There are exciting aspects to starting any new venture, like picking a business name or defining your strategy. And then there are some not-so-fun parts, like deciding what technology you'll need to get your idea off the ground.
Almost two-thirds, or 64%, of small businesses start with $10,000 or less, according to a 2019 study by Intuit. Depending on the type of business you start, technology can quickly eat up a majority of that amount, even before you start earning any money.
Even something as basic as having a website can cost nearly $500 a year, according to Fundera, a small business marketplace. Meanwhile, the basic version of an Apple MacBook Pro starts at about $1,300, while an Adobe Creative Cloud, which includes Photoshop, Illustrator, and InDesign, is $600 per year.
So where should you prioritize your spending when it comes to technology? It's a question that Kishan Patel says he spent "inordinate amounts of time" researching when he was starting Kunai, a financial services consulting company, in 2015.
As Patel told Grow back in November, he navigated these decisions largely on his own. Now he's offering tips for which tools are worth prioritizing for entrepreneurs getting their businesses up and running.
The early stages of entrepreneurship are all about ideas — how you plan to make money, who your customers will be, how you'll differentiate your business from competitors, and more.
"You're going to have a bunch of ideas scribbled in notebooks, written in your Notes app [on your phone], and in messages to your friends," Patel says. "Embrace the chaos; this is how everyone's journey starts."
At some point, however, you'll need to organize those ideas and make decisions. That's where project management tools can help. The key is to find the tool that works for your needs without being overkill, Patel says.
That's why Patel recommends selecting from the following simple tools to start, all of which help with organizing ideas, managing your calendar for projects, sharing information across the team, and task management:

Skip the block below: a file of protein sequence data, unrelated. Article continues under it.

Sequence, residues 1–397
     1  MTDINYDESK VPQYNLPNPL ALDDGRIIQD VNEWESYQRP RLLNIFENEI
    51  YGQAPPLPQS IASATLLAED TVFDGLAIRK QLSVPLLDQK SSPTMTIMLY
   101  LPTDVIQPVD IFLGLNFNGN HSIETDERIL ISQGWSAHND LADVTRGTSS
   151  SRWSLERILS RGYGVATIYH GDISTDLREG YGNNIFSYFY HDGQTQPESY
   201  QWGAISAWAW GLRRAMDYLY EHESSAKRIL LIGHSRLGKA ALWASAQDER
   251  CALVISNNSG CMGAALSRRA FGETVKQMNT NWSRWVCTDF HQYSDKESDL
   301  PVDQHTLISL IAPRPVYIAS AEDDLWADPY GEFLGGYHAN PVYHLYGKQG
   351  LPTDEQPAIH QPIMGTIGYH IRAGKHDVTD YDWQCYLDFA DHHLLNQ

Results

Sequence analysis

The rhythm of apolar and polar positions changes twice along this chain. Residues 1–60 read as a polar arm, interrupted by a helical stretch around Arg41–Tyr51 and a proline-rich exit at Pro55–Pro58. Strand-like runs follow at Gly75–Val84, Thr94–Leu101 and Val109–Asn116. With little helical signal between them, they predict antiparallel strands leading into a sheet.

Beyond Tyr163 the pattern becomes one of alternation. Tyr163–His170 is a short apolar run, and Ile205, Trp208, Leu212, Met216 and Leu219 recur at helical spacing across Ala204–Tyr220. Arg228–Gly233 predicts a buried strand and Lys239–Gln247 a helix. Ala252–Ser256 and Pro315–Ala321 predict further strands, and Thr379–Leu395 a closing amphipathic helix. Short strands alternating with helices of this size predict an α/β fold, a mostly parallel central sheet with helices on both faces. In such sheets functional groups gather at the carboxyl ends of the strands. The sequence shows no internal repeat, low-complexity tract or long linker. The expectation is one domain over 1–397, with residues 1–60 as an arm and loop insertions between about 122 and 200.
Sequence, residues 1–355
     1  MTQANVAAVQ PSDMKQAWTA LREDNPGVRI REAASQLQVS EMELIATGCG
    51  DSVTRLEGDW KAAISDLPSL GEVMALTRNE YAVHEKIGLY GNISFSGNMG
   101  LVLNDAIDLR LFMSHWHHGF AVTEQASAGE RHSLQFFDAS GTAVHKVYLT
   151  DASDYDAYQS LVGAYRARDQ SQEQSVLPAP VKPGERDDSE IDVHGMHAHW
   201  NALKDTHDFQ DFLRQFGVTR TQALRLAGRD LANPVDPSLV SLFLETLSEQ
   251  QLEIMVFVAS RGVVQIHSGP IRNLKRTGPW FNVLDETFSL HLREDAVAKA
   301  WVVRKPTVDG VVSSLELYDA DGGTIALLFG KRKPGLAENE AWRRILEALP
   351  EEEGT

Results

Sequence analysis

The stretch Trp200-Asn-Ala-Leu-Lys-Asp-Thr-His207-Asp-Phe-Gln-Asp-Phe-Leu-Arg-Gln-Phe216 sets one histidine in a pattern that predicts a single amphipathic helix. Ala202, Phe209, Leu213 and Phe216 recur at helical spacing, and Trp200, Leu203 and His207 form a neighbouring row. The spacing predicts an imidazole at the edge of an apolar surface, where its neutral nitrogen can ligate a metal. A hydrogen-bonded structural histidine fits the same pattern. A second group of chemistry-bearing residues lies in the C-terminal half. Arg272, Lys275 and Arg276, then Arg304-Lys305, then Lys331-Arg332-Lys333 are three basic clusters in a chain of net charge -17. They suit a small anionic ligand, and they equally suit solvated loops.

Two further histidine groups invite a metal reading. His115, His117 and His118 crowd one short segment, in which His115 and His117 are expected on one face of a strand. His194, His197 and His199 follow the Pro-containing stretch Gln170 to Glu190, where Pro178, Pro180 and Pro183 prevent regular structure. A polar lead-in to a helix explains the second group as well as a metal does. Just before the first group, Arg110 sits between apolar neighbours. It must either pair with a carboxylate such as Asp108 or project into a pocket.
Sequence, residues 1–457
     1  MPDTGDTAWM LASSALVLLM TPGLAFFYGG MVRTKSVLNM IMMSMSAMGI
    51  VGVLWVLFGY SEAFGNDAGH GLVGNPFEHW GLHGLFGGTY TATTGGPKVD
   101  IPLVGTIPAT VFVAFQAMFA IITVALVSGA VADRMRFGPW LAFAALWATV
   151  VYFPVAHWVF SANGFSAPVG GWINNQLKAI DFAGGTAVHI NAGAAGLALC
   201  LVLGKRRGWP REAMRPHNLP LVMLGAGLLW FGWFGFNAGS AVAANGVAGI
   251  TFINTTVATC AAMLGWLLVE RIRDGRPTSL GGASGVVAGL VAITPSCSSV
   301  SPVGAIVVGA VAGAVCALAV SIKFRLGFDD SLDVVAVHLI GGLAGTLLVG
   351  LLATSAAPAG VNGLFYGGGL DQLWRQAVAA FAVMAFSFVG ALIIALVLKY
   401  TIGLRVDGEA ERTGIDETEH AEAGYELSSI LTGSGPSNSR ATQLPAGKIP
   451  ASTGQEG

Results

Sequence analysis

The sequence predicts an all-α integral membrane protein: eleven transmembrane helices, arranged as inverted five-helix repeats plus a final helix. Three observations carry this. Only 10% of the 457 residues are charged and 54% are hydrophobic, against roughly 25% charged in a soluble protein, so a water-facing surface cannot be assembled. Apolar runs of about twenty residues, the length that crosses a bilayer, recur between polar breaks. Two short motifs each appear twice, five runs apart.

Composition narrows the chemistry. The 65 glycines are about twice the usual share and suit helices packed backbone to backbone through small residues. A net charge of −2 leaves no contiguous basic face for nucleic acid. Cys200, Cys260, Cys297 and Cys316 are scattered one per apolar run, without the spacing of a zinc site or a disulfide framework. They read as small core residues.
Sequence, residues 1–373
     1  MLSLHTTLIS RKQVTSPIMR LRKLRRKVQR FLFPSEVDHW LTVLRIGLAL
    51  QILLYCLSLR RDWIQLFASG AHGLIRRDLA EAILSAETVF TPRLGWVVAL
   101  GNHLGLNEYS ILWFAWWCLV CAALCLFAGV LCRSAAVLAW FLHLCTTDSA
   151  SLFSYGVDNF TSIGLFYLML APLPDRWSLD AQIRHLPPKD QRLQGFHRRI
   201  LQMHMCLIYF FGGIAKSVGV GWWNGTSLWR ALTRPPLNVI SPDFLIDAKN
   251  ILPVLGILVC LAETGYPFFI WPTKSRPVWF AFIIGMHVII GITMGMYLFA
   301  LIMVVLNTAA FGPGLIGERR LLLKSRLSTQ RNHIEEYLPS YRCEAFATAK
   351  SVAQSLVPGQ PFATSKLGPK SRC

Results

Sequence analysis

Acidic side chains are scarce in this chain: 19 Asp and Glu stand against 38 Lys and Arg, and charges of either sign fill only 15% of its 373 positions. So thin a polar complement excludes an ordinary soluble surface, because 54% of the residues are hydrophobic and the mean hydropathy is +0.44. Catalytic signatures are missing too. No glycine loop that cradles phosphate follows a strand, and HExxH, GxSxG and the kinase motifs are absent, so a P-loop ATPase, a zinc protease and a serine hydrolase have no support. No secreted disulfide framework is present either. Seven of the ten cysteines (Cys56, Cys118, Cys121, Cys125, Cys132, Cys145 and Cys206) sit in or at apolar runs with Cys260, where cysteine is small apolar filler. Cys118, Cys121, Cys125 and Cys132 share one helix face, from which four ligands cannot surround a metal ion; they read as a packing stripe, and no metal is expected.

- Trello: There's a free version with limited features, or a business class feature that costs $9.99 per user, per month, when billed annually.
- Monday.com: The basic plan, which is good for up to five users, costs $39 per month, billed annually.
- Asana: There's a free version for individuals or teams just getting started, while the next-level premium plan costs $10.99 per user, per month when billed annually.
"Use project management tools to unload everything from your brain," Patel says. "Organize all of that detail neatly into to-do lists. And then execute."
No matter what type of business you are launching, it will probably benefit from a company website. Luckily, there are tools today that make it easy to build a site, no matter your level of tech savvy.
"Gone are the days of needing to be a designer or learning how to code to build a gorgeous website," Patel says. "Pour your brand's identity into this website and show the world how great your products are."
Patel recommends the following tools because they offer "a rich library of templates you can customize to your heart's content," while still catering to people who've never built a website before:
- Wix: For entrepreneurs and freelancers, Wix offers a plan with unlimited bandwidth that costs $17 per month and includes a free domain for one year. For website options that allow you to accept online payments, plans start at $23 per month.
- Weebly: The professional plan offers unlimited storage, a free domain, and a shopping cart option, and costs $12 per month when billed annually.
- Squarespace: The business plan includes a free domain, unlimited bandwidth and storage, marketing, and e-commerce, and it costs $18 per month when billed annually.
Depending on your business and how much you're selling, you may need a separate e-commerce platform. Patel recommends options like Elliot, Shopify, or Webflow, but adds: "Don't go crazy trying to find the right one." That's because you may need to change platforms when business picks up.
Then there's the question of how to actually receive payments. While most e-commerce platforms have payment options built in, you may want to customize what payment methods you need depending on the products you sell or where your customers are located.
Here are his recommendations for platforms that will allow you to securely accept credit card payments:
- Stripe: You'll be charged a flat 2.9% fee plus 30 cents for every successful card charge.
- Braintree: You'll be charged a flat 2.9% fee, plus 30 cents per transaction.
You may also wish to offer additional options, like Apple Pay, Amazon Pay, or PayPal, which make it easier for customers to pay. Don't go overboard, though, Patel cautions. "If you have three different payment methods, you're going to give your customers the options they need to buy."
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